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There is much in the news today about failing schools and young people who do not measure up to our expectations. What is often missed, however, is the fact that, while there is no question that our educational system has problems, it also has successes. In particular, there are many local students who are doing very well.

I had an opportunity to witness this firsthand recently when I interviewed the four students who won top awards in the 72nd Annual Western New York Science Congress. They went on to earn additional honors in the statewide program at Brookhaven National Laboratory.

I came away from this experience both proud of these delightful kids and more than a bit overwhelmed by what they were doing. To indicate the level of their work, I offer the title and a single sentence from the abstract of the two Senior Division winners, both of whom will be seniors this fall.

Connor Huck of Buffalo City Honors. Title: “The Analysis of the Proteins in the Ribosome.” From the abstract: “This suggests that both the arginine interaction in S9 and the hystidine interaction in L35 with the tRNA play a vital role in the process of translation as it may be part of ensuring the correct pairing between the tRNA and mRNA.”

Hakeem Salem of Buffalo City Honors. Title: “Photodynamic Therapy Induced Microvascular Changes Assessed.” From the abstract: “Once excited, the signals emitted by the vasculature are then captured by an unfocused, 10MHz transducer, analyzed and plotted on a relative scale of intensity to create a 2D image.”

Clearly, these youngsters are not working at the superficial knowledge level of “Jeopardy.” They are deep into laboratory science.

I won’t try to translate those technical descriptions into lay terms the way they did for me, but I will say that they were able to convey to me at least the general sense of what they were doing. What I found most impressive as they offered these explanations was their use of metaphor to clarify concepts. For example, Connor compared his ribosome interactions to our muscles and spine. Clearly these winners had been able to convey these ideas to the scientists who judged the congress.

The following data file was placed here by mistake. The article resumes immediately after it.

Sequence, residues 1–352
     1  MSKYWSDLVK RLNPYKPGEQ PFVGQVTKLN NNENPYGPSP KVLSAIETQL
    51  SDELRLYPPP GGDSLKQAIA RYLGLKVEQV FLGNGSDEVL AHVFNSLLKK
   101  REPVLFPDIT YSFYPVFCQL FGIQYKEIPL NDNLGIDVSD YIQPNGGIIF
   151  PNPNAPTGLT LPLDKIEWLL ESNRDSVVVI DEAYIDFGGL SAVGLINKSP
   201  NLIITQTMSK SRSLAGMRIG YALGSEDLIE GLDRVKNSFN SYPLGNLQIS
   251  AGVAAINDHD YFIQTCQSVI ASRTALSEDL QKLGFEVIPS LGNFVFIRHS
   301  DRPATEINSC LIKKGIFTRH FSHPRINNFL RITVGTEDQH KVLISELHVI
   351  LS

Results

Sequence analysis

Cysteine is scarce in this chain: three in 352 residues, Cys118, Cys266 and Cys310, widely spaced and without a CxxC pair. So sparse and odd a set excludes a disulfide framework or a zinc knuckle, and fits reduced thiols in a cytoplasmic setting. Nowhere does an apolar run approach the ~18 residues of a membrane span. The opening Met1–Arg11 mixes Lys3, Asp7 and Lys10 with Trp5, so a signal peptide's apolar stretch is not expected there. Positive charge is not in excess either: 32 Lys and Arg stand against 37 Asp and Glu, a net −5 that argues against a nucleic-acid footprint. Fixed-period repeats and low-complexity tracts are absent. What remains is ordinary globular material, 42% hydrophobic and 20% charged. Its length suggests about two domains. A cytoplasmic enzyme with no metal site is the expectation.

The Intermediate Division winners, Louise Faitar of Mill Middle School in Williamsville and Chandler Edbauer of St. Aloysius Regional School in Springville, impressed me for very different reasons. These much younger students now moving into eighth grade did not display the impressive background of the older students, but they did show me seriousness of purpose and creative thinking.

Chandler’s project is titled “A Brighter Future: Solar Energy,” and it fits perfectly with the local RiverBend initiative. Much of the information he had gathered and displayed came from his interactions with personnel from the New York State Energy Research and Development Authority.

My personal favorite of the four projects is Louise’s “Birth Order’s Worth.” An only child, Louise noticed some differences in personality and achievement of some of her classmates and wondered if her perceptions were real. Is it somehow advantageous to be an older or younger child in a family? She reviewed literature related to her questions and surveyed a number of students.

I came away from these interviews not only impressed with the scientific accomplishments of these youngsters but with some more general observations as well.

First, none of these students could be described as a nerd. They are all outgoing and involved in extracurricular activities as well as academics. The most involved is Louise. This 4-foot-6 dynamo organized her school’s Environmental Club and debate team. She even took the opportunity of our meeting to ask me to speak out against rezoning a woodlot at the end of Linwood Avenue where her family lives.

Second, they all drew on other aspects of their schooling. In particular, their English skills were excellent: they wrote and spoke well. In each case, teachers, mentors and parents provided support.

And third, all but Connor plan to explore different projects next school year. His Roswell Park adviser, Bill Duax, believes their project is well worth further exploration.

email: insrisg@buffalo.edu">insrisg@buffalo.edu